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Biology of Lymphedema

Gravitational Physiology and Medicine Research Unit, Division of Physiology, Otto Loewi Research Center, Medical University of Graz, 3810 Graz, Austria
Faculty of Science, Masaryk University, Kotlářská 2, 61137 Brno, Czech Republic
Linfamed, 33100 Udine, Italy
Wolfsberg Clinical Center for Lymphatic Disorders, Wolfsberg State Hospital, KABEG, 9400 Wolfsberg, Austria
Author to whom correspondence should be addressed.
Biology 2021, 10(4), 261;
Received: 23 February 2021 / Revised: 15 March 2021 / Accepted: 23 March 2021 / Published: 25 March 2021



Simple Summary

Lymphedema is a chronic, debilitating disease of the lymphatic vasculature. Although several reviews focus on the anatomy and physiology of the lymphatic system, this review provides an overview of the lymphatic vasculature and, moreover, of lymphatic system dysfunction and lymphedema. Further, we aim at advancing the knowledge in the area of lymphatic system function and how dysfunction of the lymphatic system—as seen in lymphedema—affects physiological systems, such as the cardiovascular system, and how those might be modulated by lymphedema therapy.


This narrative review portrays the lymphatic system, a poorly understood but important physiological system. While several reviews have been published that are related to the biology of the lymphatic system and lymphedema, the physiological alternations, which arise due to disturbances of this system, and during lymphedema therapy, are poorly understood and, consequently, not widely reported. We present an inclusive collection of evidence from the scientific literature reflecting important developments in lymphedema research over the last few decades. This review aims at advancing the knowledge on the area of lymphatic system function as well as how system dysfunction, as seen in lymphedema, affects physiological systems and how lymphedema therapy modulates these mechanisms. We propose that future studies should aim at investigating, in-detail, aspects that are related to fluid regulation, hemodynamic responses, and endothelial and/or vascular changes due to lymphedema and lymphedema therapy.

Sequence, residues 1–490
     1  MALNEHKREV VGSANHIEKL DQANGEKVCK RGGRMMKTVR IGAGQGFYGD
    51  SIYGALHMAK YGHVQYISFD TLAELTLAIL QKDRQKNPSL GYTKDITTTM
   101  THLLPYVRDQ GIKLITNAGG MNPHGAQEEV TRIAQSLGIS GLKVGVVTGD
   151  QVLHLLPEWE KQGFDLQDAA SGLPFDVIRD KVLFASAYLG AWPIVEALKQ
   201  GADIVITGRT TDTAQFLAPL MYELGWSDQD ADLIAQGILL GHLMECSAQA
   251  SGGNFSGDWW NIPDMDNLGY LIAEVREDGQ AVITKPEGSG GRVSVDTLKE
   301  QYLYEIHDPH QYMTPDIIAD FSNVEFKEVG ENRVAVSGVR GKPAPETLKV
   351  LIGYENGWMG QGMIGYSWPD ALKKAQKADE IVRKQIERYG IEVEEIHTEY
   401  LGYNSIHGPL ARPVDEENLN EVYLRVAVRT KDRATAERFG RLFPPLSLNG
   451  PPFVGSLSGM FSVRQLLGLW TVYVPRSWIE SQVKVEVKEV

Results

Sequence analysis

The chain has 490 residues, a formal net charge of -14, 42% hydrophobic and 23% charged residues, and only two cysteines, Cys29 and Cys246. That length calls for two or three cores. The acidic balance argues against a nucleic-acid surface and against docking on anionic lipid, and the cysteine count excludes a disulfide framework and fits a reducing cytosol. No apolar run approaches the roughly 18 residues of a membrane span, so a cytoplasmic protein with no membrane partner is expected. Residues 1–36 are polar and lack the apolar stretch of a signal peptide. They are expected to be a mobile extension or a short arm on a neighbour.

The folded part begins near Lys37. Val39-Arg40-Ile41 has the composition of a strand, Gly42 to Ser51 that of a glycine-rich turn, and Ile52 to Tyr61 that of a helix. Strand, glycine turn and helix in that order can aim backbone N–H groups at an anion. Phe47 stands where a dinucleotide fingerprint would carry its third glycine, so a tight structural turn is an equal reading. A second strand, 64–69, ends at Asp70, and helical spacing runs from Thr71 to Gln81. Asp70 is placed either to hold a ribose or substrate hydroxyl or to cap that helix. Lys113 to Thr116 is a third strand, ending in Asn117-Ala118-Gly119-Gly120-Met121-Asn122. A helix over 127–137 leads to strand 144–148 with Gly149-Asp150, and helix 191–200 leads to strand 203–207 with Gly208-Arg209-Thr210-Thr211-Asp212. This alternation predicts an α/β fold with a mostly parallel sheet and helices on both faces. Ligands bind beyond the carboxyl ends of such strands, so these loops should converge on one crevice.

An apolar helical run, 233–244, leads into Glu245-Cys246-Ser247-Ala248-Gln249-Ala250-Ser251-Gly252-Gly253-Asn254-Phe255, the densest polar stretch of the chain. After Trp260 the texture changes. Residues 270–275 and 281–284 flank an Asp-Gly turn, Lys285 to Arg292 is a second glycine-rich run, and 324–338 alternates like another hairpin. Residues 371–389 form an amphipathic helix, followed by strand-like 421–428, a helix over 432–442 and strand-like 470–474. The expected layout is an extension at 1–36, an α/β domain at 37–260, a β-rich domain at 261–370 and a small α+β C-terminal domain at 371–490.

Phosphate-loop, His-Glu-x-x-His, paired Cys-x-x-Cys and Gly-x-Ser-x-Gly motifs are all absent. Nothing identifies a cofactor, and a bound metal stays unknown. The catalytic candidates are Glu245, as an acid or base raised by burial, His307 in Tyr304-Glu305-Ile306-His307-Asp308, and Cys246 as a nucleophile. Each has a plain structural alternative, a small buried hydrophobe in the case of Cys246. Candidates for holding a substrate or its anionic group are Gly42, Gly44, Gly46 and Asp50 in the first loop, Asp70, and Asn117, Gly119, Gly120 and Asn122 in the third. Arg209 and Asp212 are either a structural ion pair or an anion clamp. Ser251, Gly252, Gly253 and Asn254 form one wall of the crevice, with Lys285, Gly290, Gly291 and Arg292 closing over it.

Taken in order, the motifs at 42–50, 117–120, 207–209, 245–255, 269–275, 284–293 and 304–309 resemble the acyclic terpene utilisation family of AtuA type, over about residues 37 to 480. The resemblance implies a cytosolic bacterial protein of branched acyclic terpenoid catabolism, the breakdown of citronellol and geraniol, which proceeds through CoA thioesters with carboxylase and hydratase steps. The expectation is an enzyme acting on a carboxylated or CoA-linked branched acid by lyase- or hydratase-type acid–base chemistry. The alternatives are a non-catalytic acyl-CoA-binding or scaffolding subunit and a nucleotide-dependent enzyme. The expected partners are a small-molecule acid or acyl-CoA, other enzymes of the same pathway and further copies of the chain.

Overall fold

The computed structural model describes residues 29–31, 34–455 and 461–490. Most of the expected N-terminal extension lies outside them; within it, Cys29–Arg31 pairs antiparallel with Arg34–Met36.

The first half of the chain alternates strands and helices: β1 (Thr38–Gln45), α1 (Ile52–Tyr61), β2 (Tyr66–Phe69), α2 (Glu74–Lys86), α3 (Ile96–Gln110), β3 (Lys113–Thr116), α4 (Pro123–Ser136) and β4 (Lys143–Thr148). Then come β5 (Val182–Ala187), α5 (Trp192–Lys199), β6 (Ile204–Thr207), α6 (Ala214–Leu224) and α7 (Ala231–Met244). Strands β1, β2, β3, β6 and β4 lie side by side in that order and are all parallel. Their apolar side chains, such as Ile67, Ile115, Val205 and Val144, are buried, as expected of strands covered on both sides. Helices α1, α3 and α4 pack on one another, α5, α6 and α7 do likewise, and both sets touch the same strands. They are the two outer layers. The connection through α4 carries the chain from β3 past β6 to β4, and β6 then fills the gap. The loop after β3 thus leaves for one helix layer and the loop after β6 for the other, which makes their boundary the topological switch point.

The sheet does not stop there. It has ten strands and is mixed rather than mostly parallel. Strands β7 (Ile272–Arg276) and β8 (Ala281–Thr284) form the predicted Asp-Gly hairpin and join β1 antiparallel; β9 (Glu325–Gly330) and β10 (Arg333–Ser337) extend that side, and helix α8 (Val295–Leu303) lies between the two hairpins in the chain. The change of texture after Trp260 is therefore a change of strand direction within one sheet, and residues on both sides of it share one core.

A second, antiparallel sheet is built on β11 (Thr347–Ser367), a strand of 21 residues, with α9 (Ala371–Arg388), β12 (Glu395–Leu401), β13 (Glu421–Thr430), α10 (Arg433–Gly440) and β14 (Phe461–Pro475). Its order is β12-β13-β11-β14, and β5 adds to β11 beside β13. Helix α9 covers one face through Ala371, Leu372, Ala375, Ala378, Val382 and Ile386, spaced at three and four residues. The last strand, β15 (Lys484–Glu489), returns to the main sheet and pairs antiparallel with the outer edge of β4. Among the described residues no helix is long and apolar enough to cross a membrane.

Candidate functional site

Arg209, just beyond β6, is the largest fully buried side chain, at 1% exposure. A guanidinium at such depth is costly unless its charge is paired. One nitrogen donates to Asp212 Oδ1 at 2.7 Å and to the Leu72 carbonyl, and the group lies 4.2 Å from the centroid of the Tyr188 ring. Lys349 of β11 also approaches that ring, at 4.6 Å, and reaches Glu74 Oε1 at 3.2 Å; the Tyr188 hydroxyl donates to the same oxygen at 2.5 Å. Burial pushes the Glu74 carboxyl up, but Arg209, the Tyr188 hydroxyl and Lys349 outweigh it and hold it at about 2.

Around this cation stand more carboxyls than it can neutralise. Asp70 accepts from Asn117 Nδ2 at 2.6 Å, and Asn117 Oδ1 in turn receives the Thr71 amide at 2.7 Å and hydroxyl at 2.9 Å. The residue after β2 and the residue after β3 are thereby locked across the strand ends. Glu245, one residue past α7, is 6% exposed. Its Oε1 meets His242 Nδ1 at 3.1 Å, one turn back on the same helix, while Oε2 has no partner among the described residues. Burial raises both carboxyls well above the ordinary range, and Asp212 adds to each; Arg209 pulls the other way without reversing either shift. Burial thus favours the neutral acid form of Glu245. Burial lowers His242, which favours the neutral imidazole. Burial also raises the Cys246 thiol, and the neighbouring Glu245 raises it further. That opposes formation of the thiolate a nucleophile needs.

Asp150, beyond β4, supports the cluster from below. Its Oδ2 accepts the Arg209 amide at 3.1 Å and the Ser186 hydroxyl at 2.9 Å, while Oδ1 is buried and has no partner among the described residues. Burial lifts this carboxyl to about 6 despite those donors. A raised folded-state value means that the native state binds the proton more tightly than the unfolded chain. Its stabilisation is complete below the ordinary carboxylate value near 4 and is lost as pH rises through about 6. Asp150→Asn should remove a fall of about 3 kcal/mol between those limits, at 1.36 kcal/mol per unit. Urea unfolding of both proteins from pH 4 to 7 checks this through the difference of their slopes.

1. Introduction

The lymphatic system is a vascular network that is more frequently researched in the past years. However, it is still far from being fully understood. This review examines the lymphatic system and lymphedema from a variety of perspectives. Limited knowledge is available regarding how lymphedema as well as lymphedema therapy affect other physiological systems, such as fluid shifts or the cardiovascular system, especially hemodynamic responses and endothelial/vascular (dys-)function. Therefore, this review systematically assesses the possible effects of lymphedema and its therapy on fluid mobilization, hemodynamic parameters at rest, and in response to orthostatic loading, as well as vascular function.

2. Overview of the Lymphatic System

2.1. Anatomy

The lymphatic system includes a variety of structures and so-called lymphoid organs, including the spleen, thymus, and tonsils, all having their specialized role in, e.g., immune function. However, this review focuses on the lymphatic vasculature, which is—compared to the blood vasculature—a unidirectional transport system. It starts at the peripheral capillary beds of the blood vessels and it runs throughout the whole body [1], organized as vascular tree, and it can be anatomically separated into different sections dependent on the location (distal to central) [1]: (i) initial lymphatic vessels; (ii) collector lymphatic vessels (pre- and post-nodal); (iii) lymph nodes; and, (iv) lymphatic trunks. For detailed anatomy of the lymphatic system, please see [1,2,3,4,5,6,7].

2.2. Physiology

In order to fulfil its role in providing fluid and nutrients to the different tissues, blood vessels continuously leak plasma and proteins at the capillary bed / microvasculature into the interstitial space. This mechanism is driven by an imbalance in hydrostatic and osmotic pressure, which is widely known as “Starling equation” [8]. Approximately eight liters of plasma are filtered each day [8]. The accumulation of excessive fluid in the interstitial space generates pressure. This is the driving force for fluid to enter into the initial lymphatics via primary valves [9,10]. As the initial lymphatics lie very close to the microvasculature, they serve as entry point for lymphatic fluid [1].